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CS 772/872
 Access management in an Enterprise
           using RADIUS
• Remote Authentication Dial In User Service
  (RADIUS) is a networking protocol that
  provides centralized Authentication,
  Authorization, and Accounting (AAA)
  management for computers to connect and
  use a network service. RADIUS was developed
  by Livingston Enterprises, Inc., in 1991 as an
  access server authentication and accounting
  protocol and later brought into the IETF
Access management in an Enterprise
          using RADIUS
• Because of the broad support and the
  ubiquitous nature of the RADIUS protocol it is
  often used by ISPs and enterprises to manage
  access to the Internet or internal networks,
  wireless networks, and integrated e-mail
  services. These networks may incorporate
  modems, DSL, access points, VPNs, network
  ports, web servers, etc.[2]
• RADIUS is a client/server protocol that runs in the
  application layer, using UDP as transport. The
  Remote Access Server, the Virtual Private
  Network server, the Network switch with port-
  based authentication, and the Network Access
  Server, are all gateways that control access to the
  network, and all have a RADIUS client component
  that communicates with the RADIUS server. The
  RADIUS server is usually a background process
  running on a UNIX or Windows NT machine.[3]
• RADIUS serves three functions:
  – to authenticate users or devices before granting
    them access to a network,
  – to authorize those users or devices for certain
    network services and
  – to account for usage of those services.
Authentication and Authorization
• The user or machine sends a request to a Network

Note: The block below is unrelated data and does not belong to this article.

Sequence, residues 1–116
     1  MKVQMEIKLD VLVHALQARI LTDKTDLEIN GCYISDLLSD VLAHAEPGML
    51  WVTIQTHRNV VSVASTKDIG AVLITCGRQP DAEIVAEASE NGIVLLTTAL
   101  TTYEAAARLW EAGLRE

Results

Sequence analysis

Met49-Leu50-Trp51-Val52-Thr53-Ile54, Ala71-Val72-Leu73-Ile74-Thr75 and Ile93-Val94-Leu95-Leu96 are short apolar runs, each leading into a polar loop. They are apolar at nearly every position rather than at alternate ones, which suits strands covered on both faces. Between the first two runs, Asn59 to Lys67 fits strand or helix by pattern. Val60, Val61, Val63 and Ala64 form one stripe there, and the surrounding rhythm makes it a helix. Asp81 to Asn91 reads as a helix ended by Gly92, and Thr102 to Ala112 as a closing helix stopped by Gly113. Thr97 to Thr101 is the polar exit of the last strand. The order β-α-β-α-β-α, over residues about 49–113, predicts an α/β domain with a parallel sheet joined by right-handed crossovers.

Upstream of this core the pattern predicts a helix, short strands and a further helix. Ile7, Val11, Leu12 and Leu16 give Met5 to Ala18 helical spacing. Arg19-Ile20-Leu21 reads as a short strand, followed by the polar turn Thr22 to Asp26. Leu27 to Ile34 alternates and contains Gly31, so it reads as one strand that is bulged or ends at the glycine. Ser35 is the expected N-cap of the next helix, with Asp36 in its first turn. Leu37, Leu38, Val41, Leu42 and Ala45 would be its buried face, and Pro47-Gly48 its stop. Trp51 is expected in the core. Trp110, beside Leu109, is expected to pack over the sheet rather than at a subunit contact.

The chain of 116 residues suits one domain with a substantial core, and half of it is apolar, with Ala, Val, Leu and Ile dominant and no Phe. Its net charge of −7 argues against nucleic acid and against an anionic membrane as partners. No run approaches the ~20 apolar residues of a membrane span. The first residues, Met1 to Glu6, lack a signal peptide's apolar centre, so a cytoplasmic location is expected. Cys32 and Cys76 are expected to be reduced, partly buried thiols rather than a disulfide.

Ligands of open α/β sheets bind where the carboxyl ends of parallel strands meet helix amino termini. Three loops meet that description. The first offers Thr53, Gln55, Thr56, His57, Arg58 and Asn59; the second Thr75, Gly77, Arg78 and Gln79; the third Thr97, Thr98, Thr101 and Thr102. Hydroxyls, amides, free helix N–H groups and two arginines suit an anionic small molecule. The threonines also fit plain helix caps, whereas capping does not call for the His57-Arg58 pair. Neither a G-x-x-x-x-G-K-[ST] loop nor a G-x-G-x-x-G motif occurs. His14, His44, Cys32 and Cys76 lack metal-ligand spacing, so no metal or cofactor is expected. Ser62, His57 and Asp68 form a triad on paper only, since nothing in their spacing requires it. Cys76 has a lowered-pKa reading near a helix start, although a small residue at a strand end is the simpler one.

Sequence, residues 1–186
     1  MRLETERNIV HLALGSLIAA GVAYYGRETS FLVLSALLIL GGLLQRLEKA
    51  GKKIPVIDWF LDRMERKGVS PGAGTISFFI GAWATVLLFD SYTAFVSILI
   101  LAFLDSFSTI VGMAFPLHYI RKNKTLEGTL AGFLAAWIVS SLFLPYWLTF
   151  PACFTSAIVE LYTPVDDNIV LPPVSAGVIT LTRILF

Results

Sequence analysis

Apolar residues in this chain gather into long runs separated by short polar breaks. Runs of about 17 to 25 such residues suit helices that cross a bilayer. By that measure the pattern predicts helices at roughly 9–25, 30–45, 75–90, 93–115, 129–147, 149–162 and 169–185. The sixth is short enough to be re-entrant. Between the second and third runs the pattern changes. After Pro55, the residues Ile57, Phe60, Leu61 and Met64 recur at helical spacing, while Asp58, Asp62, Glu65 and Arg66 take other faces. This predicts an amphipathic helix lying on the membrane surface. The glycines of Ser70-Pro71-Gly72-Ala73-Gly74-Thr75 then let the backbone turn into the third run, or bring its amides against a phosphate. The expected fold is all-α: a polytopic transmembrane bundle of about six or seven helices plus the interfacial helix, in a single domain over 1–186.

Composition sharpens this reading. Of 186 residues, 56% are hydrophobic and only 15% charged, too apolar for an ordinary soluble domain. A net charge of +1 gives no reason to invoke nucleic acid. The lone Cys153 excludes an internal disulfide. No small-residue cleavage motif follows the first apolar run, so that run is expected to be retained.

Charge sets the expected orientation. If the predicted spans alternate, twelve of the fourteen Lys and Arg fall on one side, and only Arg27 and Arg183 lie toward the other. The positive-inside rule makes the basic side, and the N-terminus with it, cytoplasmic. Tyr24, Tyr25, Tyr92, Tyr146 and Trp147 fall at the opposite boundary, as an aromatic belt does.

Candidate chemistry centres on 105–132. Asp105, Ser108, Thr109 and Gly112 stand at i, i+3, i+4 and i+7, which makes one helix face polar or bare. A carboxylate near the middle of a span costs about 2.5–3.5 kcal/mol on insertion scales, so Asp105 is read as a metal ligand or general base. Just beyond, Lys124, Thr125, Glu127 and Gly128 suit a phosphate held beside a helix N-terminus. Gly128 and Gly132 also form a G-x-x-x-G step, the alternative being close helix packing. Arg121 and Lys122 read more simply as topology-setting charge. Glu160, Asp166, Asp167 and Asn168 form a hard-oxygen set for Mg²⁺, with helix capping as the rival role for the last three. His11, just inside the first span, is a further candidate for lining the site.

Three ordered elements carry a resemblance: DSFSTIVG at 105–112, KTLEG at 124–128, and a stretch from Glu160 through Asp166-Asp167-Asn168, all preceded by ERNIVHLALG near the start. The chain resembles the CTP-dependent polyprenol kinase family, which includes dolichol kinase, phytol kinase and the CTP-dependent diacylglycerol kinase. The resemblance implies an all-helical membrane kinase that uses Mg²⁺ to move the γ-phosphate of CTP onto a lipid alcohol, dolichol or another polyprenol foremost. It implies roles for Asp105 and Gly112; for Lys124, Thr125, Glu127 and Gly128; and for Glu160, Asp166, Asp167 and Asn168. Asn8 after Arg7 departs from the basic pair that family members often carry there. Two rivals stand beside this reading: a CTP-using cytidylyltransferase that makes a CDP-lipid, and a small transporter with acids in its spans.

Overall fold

Access Server (NAS) to gain access to a particular
  network resource using access credentials.
• The credentials are passed to the NAS device via the
  link-layer protocol - for example, Point-to-Point
  Protocol (PPP) in the case of many dialup or DSL
  providers or posted in a HTTPS secure web form.
• In turn, the NAS sends a RADIUS Access Request
  message to the RADIUS server, requesting
  authorization to grant access via the RADIUS
RADIUS Authentication and
   Authorization Flow
• This request includes access credentials, typically in the form of
  username and password or security certificate provided by the user.
  Additionally, the request may contain other information which the
  NAS knows about the user, such as its network address or phone
  number, and information regarding the user's physical point of
  attachment to the NAS.
• The RADIUS server checks that the information is correct using
  authentication schemes like PAP, CHAP or EAP. The user's proof of
  identification is verified, along with, optionally, other information
  related to the request, such as the user's network address or phone
  number, account status and specific network service access
  privileges. Historically, RADIUS servers checked the user's
  information against a locally stored flat file database. Modern
  RADIUS servers can do this, or can refer to external sources -
  commonly SQL, Kerberos, LDAP, or Active Directory servers - to
  verify the user's credentials.
• The RADIUS server then returns one of three responses to the NAS : 1)
  Access Reject, 2) Access Challenge or 3) Access Accept.
• Access Reject - The user is unconditionally denied access to all requested
  network resources. Reasons may include failure to provide proof of
  identification or an unknown or inactive user account.
• Access Challenge - Requests additional information from the user such as